“The Global Circulation can be described as the worldwide system of winds where the necessary transport of heat from tropical to polar latitudes is accomplished,” (metoffice.gov.uk).These atmospheric heating and circulation patterns are controlled by three cells of air flow between the Earth’s poles and the equator. These three cells are the Polar Cell, Ferrel Cell, and the Hadley Cell. The polar cell originates at lower latitudes, its warm air rises and move to higher altitudes, where the cooled air will descend due to the high pressure. The Ferrel cells winds are complicated; it is a boomerang flow of air at high altitudes towards the tropics that join sinking air at lower latitudes near the Hadley cell. When humid and warm air from both hemispheres brought by trade winds joins in the Intertropical Convergence Zone the low-pressure areas move up to 30 degrees latitude until it descends in high-pressure areas which then causes convection in the atmosphere resulting in high precipitation in the tropics. This cycling of winds is called Hadley cell.
What mechanisms produce high precipitation in the tropics?
High precipitation occurs in zones where there is the continual and rapid ascension of air masses. In the tropics, there is a convergence of trade winds in the ITCZ which ascend due to the low pressure. Also, the evaporation rates are high. Thus, moist air rises as it cools. On the other hand, warm air is able to condense and hold more water leading to high precipitation (Schumacher, 2003).
What mechanisms produce high precipitation at temperate latitude?
It is at the temperate latitudes where the convergence of moist subtropical air and cold polar air causes forced condensation. Also, the region receives the most intense sun radiation per unit area, thus, increased evaporation. Besides, the low-pressure system causes a rise in more air for precipitation. Clouds build up due to the rising air that picks up moisture from the dry land at lower latitudes (Schumacher, 2003).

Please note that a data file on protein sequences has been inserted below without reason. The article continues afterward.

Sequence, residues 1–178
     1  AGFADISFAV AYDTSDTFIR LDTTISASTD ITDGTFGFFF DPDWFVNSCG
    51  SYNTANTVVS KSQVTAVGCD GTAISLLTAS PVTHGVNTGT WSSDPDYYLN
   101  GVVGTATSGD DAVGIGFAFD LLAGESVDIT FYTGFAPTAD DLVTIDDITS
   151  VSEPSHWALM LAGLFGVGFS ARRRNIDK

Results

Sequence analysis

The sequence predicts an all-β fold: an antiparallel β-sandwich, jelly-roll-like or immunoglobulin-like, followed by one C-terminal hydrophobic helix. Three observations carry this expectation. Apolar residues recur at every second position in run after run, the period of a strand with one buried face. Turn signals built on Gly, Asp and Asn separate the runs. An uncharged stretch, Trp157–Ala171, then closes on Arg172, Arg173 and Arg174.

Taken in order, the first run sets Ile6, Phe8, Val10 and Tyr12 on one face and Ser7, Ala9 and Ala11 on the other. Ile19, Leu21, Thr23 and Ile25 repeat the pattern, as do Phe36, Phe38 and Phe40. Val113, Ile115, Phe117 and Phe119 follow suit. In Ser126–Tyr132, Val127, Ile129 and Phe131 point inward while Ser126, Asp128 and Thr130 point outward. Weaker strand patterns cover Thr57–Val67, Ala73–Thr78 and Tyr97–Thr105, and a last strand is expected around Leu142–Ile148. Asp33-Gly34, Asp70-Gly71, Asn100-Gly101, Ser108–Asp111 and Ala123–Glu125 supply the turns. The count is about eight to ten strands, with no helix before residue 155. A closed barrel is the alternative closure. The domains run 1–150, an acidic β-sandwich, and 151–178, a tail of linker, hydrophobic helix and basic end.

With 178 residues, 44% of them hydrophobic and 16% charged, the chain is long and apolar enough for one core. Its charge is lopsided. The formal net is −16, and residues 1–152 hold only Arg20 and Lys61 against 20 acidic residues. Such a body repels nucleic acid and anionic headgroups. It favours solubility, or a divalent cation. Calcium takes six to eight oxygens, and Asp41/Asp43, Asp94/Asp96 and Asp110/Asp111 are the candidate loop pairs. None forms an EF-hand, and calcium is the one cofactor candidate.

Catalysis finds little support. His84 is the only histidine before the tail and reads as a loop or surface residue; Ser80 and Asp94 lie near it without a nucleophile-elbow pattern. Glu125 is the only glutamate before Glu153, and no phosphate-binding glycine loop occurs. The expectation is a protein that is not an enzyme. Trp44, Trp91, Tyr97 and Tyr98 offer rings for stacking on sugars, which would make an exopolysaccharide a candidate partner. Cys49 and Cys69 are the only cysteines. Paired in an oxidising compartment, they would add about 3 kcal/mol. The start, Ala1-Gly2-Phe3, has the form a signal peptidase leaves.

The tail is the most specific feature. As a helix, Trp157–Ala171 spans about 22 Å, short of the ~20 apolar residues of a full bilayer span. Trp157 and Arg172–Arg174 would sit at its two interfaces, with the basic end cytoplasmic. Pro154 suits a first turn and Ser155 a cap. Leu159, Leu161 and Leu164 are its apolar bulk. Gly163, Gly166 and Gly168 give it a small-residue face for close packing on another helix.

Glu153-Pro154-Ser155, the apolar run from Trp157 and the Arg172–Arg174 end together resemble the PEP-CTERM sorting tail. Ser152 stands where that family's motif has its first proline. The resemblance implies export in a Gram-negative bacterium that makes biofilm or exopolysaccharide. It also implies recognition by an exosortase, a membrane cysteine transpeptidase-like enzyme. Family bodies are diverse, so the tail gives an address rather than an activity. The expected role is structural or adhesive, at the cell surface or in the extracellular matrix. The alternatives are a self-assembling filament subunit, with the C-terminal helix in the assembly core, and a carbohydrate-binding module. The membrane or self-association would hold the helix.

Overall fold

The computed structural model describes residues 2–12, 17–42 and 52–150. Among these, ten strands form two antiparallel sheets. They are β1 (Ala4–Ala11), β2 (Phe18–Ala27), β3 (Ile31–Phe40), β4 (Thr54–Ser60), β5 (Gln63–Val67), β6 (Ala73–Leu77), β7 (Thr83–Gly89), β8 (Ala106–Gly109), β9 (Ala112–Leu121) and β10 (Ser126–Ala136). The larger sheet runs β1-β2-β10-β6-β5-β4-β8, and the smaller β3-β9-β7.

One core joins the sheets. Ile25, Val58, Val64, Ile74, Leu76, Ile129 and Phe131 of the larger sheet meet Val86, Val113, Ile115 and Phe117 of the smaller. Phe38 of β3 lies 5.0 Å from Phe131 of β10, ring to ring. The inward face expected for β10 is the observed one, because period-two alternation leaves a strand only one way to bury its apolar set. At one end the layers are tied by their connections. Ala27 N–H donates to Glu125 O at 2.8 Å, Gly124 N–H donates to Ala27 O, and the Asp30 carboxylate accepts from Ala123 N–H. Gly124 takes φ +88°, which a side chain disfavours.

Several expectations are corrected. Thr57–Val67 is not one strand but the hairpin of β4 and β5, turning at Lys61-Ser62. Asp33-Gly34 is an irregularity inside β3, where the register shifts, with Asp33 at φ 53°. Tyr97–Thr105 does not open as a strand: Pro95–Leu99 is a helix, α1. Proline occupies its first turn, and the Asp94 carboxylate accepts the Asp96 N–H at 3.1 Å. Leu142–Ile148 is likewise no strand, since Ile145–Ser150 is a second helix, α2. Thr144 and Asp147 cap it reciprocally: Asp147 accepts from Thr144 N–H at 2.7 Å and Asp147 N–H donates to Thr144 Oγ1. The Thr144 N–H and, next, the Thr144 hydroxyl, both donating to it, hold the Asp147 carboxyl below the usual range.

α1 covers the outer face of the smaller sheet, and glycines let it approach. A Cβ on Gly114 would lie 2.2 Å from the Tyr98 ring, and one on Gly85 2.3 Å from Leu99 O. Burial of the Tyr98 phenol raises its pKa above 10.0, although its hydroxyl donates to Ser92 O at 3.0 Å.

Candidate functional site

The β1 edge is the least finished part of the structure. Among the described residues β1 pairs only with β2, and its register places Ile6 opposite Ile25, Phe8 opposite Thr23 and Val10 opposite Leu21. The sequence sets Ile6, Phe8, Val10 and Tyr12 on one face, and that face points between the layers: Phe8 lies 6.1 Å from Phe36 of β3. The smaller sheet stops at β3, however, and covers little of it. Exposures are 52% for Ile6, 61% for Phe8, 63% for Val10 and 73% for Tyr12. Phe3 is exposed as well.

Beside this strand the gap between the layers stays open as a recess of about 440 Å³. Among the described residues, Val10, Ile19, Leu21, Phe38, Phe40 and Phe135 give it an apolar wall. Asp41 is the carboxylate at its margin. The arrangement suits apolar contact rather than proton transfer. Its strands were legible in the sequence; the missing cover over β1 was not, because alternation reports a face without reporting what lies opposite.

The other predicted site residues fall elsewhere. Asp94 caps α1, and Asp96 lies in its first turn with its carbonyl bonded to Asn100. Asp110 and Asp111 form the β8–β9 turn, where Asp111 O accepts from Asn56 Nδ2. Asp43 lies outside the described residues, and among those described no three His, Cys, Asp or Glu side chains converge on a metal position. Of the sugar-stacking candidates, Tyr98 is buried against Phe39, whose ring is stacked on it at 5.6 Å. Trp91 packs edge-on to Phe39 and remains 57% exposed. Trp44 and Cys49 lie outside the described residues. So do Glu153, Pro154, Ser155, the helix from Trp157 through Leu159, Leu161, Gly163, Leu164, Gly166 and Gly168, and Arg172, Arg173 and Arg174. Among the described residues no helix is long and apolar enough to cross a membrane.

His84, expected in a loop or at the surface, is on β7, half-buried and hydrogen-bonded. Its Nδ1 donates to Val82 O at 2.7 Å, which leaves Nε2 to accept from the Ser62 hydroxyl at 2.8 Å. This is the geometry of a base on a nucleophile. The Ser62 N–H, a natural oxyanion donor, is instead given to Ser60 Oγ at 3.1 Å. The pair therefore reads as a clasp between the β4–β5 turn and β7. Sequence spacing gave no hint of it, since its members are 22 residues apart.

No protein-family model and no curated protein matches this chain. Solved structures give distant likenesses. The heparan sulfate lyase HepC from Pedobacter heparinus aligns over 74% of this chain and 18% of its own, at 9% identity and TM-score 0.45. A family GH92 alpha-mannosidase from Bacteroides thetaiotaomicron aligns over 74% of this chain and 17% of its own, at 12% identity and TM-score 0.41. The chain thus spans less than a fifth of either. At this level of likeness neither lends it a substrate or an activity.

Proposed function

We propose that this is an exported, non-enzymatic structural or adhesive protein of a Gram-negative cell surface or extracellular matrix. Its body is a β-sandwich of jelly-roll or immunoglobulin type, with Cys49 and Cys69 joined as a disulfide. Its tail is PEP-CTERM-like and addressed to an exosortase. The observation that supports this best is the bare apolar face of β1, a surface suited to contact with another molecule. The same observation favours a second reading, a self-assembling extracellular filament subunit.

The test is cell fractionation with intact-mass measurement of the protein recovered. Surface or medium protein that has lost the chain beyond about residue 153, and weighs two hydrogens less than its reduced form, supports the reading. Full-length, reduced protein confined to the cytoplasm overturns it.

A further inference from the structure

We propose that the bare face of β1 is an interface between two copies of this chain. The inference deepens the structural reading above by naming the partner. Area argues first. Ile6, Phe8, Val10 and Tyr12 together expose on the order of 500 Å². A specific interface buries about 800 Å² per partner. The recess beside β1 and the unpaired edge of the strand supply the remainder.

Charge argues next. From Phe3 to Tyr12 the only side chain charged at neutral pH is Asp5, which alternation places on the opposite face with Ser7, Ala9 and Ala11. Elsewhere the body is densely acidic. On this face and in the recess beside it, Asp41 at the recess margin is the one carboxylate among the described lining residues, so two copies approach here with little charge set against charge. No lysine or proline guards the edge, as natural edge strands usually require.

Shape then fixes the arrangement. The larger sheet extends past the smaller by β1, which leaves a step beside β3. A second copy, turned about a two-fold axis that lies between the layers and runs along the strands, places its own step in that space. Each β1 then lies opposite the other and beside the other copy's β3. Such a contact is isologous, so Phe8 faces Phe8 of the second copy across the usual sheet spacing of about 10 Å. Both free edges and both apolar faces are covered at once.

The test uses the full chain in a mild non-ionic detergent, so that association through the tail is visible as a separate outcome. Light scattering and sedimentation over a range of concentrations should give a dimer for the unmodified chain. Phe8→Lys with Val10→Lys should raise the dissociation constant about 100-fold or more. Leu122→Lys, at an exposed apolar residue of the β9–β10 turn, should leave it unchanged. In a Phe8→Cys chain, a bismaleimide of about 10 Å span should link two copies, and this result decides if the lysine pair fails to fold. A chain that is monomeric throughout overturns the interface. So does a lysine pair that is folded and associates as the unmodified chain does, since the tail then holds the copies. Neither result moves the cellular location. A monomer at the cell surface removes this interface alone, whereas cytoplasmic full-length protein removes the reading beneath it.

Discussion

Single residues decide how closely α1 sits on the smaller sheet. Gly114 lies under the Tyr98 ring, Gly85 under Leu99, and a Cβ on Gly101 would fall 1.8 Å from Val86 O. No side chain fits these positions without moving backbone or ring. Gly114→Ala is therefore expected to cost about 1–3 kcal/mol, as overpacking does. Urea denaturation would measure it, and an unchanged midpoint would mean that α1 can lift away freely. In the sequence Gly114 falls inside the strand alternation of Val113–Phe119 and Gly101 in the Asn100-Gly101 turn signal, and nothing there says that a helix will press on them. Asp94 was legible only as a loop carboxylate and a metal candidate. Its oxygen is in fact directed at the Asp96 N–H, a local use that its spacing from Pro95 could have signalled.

What mechanisms produce low precipitation in the tropics?
In tropical zone, low precipitation can occur as a result of warm, prevailing winds being impeded by mountain ranges since the mountains force the moisture in those winds to come down on the mountainside that is blocking the winds as rain leaving the other side with low precipitation. When air rises moisture is picked up from dry regions at lower latitudes it causes clouds to build up bringing a high amount of precipitation since precipitation is largely involved with temperature that means the lower the temperature the less moisture it can hold because it is very warm near the tropics the air moisture will have to interact with colder weather in order to lose it. Therefore causing the precipitation to stay low. This levitation is known as rain shadow.
The tropical dry forests and savanna biomes are located in the Inter-Tropical Convergence Zone (ITCZ) where high precipitation is observed, due to the amount of sunlight near the equator. Tropical savannas are covered with grassland and a few scattered trees while tropical dry forests have more trees that are green during rainy seasons and withered in dry seasons. The two biomes are usually warm throughout the year as the wind movement cause shifting of Inter Tropical Convergence Zone (ITCZ). The sunlight causes air to rise which causes the pressure to drop, and makes the warm low-pressure air to rise and condenses into clouds high precipitation occurs. The ITCZ shifts between Northern and Southern hemispheres causing seasonal variations in pressure and hence precipitation. In the dry season, however, the ITCZ moves to the warm and dry trade winds flow to the other side of the equator.